A Full Root Cellar, Hard Earned: Wild Hare Organic Farm

The root cellar at Wild Hare Organic Farm is finally full this year. After two years, “we could grow through winter with confidence and load up the root cellar without worry, because it was fully ours,” says Katie Green. In 2017, Mark and Katie Green purchased a 21-acre farm just outside of Tacoma from local sustainable farming leaders, Dick and Terry Carkner—and the deal they struck ensured it will stay a farm forever.

Katie and Mark discovered their drive to farm over a decade ago on the east end of Long Island, New York. Katie answered a craigslist ad and took the leap, selling produce to restaurants and big buyers. The Greens were hooked, “the work and the life of agriculture really spoke to us,” says Katie. Since then, they’ve both worked at organic and conventional farms. Katie primarily focuses on the business side of farming, while Mark’s a motivated grower – a perfect combination of skills to take on their own operation.

Puget Sound natives, the Greens moved back to the Pacific Northwest with their newborn daughter to be closer to grandparents. They stumbled on a special spot, right next door to the Carkners. For over 30 years the Carkners’ farm, Terry’s Berries, was a community hub, selling U-pick berries and organic Community Supported Agriculture (CSA) shares. The Greens gradually started helping the Carkners out next door. When Dick and Terry announced their interest in retiring, the Greens were a natural fit to be the next generation on the farm.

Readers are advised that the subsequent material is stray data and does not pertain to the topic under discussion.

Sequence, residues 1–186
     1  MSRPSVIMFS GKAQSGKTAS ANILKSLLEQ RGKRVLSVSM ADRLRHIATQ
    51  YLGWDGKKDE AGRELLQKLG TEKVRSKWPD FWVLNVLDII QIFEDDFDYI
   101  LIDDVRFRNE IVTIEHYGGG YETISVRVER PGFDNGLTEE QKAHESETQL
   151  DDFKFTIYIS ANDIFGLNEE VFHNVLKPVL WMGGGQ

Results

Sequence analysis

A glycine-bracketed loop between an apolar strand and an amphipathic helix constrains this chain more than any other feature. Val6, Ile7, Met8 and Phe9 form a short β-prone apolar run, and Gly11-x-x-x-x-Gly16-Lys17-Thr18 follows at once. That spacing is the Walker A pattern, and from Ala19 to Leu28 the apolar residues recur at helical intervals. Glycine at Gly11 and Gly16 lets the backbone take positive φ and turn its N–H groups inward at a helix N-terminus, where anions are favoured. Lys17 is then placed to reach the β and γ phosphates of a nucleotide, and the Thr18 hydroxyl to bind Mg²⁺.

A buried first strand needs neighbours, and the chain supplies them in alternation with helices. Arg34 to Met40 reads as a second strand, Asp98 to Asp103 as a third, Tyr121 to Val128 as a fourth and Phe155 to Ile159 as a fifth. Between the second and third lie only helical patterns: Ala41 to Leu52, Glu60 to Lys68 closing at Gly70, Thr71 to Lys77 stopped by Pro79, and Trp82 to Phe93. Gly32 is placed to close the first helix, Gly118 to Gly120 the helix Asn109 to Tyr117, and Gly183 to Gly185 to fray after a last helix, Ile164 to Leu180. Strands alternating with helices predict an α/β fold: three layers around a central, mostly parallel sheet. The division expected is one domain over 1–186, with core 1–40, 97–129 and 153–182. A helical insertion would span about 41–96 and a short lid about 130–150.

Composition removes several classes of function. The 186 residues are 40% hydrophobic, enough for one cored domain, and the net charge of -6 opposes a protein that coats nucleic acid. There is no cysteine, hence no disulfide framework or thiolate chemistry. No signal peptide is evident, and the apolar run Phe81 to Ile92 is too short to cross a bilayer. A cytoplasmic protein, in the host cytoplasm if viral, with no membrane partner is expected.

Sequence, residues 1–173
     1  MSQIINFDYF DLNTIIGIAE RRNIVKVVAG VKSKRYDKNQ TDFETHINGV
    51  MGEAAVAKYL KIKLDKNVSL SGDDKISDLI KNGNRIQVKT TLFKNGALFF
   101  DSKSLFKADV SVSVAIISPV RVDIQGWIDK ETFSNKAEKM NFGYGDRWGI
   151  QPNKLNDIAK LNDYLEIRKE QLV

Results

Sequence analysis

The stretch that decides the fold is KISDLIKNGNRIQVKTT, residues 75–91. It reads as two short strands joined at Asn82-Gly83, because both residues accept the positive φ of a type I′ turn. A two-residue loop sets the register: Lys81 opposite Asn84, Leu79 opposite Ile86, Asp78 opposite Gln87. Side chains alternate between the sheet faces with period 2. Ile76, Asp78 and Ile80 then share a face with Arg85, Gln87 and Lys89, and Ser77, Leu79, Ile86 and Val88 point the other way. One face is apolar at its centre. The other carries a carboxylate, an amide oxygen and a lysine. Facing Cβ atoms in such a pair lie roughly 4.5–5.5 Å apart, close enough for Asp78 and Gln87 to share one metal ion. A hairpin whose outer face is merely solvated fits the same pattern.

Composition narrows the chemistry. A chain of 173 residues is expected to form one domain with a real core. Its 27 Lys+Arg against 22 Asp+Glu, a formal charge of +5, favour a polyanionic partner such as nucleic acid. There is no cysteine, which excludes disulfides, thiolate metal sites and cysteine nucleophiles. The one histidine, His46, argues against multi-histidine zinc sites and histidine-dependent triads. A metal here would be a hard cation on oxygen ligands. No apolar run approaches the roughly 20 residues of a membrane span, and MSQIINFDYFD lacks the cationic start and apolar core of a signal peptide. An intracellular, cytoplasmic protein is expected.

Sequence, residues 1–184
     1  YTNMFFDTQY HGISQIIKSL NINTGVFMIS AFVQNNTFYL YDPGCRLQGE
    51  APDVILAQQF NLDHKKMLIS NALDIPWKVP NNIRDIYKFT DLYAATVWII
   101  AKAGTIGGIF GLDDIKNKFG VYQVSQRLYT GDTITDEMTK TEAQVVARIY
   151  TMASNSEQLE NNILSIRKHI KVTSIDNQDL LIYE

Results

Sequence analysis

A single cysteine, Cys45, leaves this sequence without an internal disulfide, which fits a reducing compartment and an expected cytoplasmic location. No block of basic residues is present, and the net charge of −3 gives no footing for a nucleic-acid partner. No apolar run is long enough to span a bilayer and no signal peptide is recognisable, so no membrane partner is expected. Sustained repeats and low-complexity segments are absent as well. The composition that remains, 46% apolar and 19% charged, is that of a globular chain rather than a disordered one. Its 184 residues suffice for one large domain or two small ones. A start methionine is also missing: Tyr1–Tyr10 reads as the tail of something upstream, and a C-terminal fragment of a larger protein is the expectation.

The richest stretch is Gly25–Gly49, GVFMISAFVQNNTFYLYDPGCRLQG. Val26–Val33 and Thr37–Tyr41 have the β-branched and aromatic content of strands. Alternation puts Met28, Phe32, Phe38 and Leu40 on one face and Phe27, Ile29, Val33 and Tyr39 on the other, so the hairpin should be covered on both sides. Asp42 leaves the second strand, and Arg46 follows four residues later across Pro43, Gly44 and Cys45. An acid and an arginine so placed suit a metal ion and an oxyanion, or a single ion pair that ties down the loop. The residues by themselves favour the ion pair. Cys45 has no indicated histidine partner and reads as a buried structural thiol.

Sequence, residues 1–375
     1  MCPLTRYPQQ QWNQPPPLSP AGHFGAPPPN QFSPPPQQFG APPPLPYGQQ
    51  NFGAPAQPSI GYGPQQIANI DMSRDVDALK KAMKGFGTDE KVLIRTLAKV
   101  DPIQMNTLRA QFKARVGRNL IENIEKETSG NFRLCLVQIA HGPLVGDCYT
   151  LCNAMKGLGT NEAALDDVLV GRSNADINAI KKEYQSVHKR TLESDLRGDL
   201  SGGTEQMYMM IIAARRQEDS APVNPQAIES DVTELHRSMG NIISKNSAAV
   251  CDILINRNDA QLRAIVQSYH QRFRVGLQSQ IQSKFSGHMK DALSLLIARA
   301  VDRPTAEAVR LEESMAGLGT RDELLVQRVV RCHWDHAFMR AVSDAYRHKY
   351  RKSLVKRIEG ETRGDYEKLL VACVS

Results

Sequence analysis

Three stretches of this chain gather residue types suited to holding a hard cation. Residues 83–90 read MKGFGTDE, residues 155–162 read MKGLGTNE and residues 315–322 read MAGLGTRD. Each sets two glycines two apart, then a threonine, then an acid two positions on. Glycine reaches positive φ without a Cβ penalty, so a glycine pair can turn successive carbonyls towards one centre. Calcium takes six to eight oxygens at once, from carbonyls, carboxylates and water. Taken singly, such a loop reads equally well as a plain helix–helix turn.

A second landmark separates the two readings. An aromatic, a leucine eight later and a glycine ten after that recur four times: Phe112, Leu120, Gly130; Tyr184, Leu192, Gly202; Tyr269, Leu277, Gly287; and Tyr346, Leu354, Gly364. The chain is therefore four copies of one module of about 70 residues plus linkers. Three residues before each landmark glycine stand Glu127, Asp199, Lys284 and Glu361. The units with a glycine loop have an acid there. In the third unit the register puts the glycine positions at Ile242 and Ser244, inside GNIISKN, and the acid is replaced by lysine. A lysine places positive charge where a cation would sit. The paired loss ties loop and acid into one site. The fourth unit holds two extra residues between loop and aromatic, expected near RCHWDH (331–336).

While the Greens and Carkners shared a vision for the future of the farm, it was still a challenging process that took two years. Katie says, “it was not a simple, straightforward real estate transaction by any means. And it is somewhat of a miracle to witness a farm making a transition to another farmer (instead of a corporate developer, for instance).”

An essential piece of making this purchase possible was a long-standing partnership with PCC Farmland Trust, a nonprofit land trust working to protect and steward threatened farmland in Washington. The Trust served as a dependable guide throughout the process of transferring the farm from the very beginning, setting up a lease agreement.

The Trust also navigated the process of putting a conservation easement on the farm to purchase the property’s development rights. This included weaving together different funding streams from state and federal funds to loans from a variety of ag lenders to make the deal happen. The easement in turn allowed the Greens to purchase the farm at a more affordable rate, while preserving the farm for generations to come—an important legacy for the Carkners to leave to their community. For the Greens, “knowing that the easement is in place gives us peace in knowing that this farm will continue to grow for many generations of farmers beyond Mark and I, regardless of what path our daughter chooses.”

“This wouldn’t have been possible without the care and resources PCC Farmland Trust  put into the process. They were the first to celebrate with us when the deal was closed,” says Katie, “We’re beyond honored to be one of their Forever Farms and are thankful that this program has helped put our purchase of the property within reach.”